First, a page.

Experts Detect 30,000% Increase in #COVID19 Threats

A security firm is claiming to have seen a staggering 30,000% increase since January in detected phishing, malicious websites and malware designed to capitalize on the COVID-19 crisis.

Zscaler VP of security research, Deepen Desai, revealed in a blog post that the firm’s cloud security platform had stopped 380,000 attacks targeting home workers in March, up from just 1200 at the start of the year.

This included the registration of 130,000 new suspicious domains featuring COVID-related keywords such as “test,” “mask,” “Wuhan” and “kit.”

The firm recorded a 25% increase in the number of malicious files and websites it blocked and an 85% increase in phishing attacks targeting remote workers over the three-month period.

These included spear-phishing attempts spoofed to appear as if sent by the IT or payroll department, and some that even used a CAPTCHA screen to try and fool security filters.

Others targeted consumers with government-themed phishing attempts designed to trick those looking to secure stimulus funds.

Fake VPN software, COVID-themed mobile malware and even Nigerian 419 scams were also spotted by the Zscaler team, Desai said.

The security vendor has detected Magecart attacks targeting healthcare, pharmacy and grocery sites, the latter often hastily designed to support a surge in online orders, but without adequate protection.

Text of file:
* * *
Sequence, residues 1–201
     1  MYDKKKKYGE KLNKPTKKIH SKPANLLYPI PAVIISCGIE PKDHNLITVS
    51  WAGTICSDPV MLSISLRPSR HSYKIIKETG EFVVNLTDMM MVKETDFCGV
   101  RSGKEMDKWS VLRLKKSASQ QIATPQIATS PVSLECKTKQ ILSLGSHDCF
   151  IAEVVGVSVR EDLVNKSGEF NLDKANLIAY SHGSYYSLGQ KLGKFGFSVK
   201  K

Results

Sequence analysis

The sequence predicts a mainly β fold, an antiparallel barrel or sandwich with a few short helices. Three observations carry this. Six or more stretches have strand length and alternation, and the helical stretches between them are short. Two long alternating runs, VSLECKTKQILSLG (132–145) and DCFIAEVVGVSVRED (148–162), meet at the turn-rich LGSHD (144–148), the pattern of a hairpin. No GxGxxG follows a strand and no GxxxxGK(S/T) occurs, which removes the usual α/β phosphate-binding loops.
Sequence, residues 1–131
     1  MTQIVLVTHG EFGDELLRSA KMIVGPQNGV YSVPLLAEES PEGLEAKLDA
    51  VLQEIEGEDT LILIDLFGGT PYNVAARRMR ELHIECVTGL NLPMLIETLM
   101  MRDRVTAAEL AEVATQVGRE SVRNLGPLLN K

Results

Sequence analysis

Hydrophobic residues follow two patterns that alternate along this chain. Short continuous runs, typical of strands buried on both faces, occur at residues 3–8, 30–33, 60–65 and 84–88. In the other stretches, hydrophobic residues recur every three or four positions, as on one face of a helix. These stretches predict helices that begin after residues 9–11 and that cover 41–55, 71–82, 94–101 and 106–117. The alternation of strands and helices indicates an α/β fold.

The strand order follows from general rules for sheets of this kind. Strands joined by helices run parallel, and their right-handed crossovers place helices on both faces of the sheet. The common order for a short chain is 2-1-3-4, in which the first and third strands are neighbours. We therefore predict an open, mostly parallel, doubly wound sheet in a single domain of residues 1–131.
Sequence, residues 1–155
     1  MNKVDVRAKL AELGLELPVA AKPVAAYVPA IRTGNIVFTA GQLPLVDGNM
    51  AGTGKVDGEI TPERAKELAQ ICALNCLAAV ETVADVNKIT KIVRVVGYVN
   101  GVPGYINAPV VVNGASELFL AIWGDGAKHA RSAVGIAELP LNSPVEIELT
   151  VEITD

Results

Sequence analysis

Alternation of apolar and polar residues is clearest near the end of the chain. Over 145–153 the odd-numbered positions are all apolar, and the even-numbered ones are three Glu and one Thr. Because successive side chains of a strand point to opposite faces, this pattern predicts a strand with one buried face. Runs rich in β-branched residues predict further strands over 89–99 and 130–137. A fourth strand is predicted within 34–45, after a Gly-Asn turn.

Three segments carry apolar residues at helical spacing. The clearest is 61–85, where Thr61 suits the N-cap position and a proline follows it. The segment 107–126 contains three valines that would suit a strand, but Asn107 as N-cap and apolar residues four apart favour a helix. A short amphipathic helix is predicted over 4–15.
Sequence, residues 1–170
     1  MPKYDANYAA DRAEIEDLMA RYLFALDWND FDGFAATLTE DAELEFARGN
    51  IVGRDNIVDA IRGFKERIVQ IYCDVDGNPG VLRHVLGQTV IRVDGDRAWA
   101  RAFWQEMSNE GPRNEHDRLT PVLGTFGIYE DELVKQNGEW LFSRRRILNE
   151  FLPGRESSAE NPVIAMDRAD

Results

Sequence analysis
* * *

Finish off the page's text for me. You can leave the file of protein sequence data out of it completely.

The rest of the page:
Desai urged remote working employees and IT teams not to open links or attachments in unsolicited mail, to enable two-factor authentication, patch regularly and only stick to reputable sources for COVID-19 information.

“Each user in every organization must develop a heightened state of awareness, as cyber-criminals will continue to use the current global crisis as an opportunity to target and compromise end-user systems,” he concluded.

“If users are unsure about something they see online or receive in their inbox or SMS, they should be instructed to reach out to IT security teams for help.”

Despite the large increase in threats using COVID-19 themes, overall cybercrime has not increased, according to the UK’s National Cyber Security Centre (NCSC) and tech giants Microsoft and Google.

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